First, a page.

Black Americans fighting for equality on the frontlines of the Black Lives Matter protests explain what the movement means to them
Polls suggest that about 15 million to 26 million people in the US have participated in recent anti-racism rallies, according to the The New York Times. Broadly speaking, protesters are calling for police reform, reparations for slavery, and policies that invest more in Black and brown communities. Business Insider spoke with several Black Americans participating in New York City rallies to understand what the movement means to them. View more episodes of Business Insider Today on Facebook.
Since the killing of George Floyd on May 25, millions of Americans have taken to the streets in protest. Recent polls suggest that about 15 million to 26 million people in the US have participated in anti-racism rallies, The New York Times reported. On a large scale, protesters are calling for police reform, reform to the justice system, reparations for slavery, more investment in education, and policies that recognize in essence, that Black lives do indeed matter. But on a personal level, the movement means so much more than one chant or slogan can capture. Business Insider spoke with several Black Americans participating in New York City rallies to understand what the movement means, in their own words.SEE ALSO: Americans are calling on the C-suite to take a stronger stance on racial inequality. Tennille Newbold, 26, organized a Juneteenth march from Harlem to Central Park in Manhattan. For her, peaceful protest is a way to process the incomprehensible.
"We are tired. We are tired of waking up every single day and seeing Black death," she said at the rally.
As a child, she struggled to understand why the color of her skin meant some people viewed her as less than. "I just remembered thinking that wasn't fair," she said.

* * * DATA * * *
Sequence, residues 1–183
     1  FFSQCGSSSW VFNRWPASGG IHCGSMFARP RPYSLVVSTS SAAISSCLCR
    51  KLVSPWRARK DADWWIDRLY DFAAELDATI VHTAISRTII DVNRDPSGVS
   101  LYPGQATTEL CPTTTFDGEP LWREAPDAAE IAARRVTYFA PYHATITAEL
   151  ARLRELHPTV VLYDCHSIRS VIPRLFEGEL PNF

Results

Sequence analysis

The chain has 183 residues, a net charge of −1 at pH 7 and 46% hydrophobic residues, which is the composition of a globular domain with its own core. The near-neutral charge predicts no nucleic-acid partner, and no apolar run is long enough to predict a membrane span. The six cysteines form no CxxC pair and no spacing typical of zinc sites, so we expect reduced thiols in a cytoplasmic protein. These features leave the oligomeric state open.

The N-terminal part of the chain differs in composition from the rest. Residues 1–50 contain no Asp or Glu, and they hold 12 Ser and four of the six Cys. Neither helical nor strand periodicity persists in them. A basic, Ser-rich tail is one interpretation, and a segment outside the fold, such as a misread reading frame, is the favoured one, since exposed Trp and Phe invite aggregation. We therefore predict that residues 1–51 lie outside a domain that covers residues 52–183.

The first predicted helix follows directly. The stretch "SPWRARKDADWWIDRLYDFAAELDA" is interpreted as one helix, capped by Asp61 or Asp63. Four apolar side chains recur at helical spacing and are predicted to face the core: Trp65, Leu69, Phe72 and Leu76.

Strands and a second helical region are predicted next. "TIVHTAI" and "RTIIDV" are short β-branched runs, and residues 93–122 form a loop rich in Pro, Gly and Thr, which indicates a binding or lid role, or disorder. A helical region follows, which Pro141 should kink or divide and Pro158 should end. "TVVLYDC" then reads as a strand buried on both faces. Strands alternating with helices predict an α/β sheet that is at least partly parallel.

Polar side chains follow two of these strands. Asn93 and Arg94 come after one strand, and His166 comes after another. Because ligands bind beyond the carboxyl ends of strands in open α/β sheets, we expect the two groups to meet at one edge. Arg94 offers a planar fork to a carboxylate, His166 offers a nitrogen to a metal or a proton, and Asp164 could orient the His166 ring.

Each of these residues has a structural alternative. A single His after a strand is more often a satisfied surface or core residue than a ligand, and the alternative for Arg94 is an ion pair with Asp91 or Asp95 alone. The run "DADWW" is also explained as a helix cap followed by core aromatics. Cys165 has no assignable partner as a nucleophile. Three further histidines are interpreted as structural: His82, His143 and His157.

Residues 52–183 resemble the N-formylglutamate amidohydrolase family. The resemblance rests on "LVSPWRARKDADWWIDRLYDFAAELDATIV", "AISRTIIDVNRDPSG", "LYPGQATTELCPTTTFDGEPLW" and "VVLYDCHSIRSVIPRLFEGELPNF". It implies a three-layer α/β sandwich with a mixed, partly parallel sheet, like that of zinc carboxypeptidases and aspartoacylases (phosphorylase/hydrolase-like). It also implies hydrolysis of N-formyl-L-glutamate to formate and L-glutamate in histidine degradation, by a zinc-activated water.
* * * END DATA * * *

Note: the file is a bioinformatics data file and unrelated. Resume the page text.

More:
"We Black people have done nothing to deserve this. They brought us here on slave ships, they separated us, took our language, took everything from us, mistreated us until today. It hurts," her father, Melvin Newbold, 61, told Business Insider.
For Genisha Metcalf, 33, a mother of two children, participating in peaceful demonstrations is a chance to educate her children on what it means to be Black in the US.
"I want to make sure that they are a part of what's happening, they're not just bystanders. Also just making sure they are fully aware of their Blackness — and fully aware of just how dark and difficult these times are. Because I never want them to discount how hard people are working to make the world better for them," she told Business Insider.
The movement is also about celebrating Black joy with her family, friends, and community, Metcalf said.
Jamaal Duarte, 18, had just graduated high school when George Floyd was killed.
"After the death of George Floyd, I was in like a weird state because I didn't really know how to process what was happening," he told Business Insider. "I wanted to do something and actually be a part of rectifying the situation. So the protests is what I naturally came to."
For the young activist, police reform is top of mind. "We need a solution for why police officers are just killing African Americans at an obscene rate," he said.
"I'm actually really thankful I'm a part of this generation. We know we can actually make a change in our own country. And that's what we're doing. We're just taking the reins," he said.
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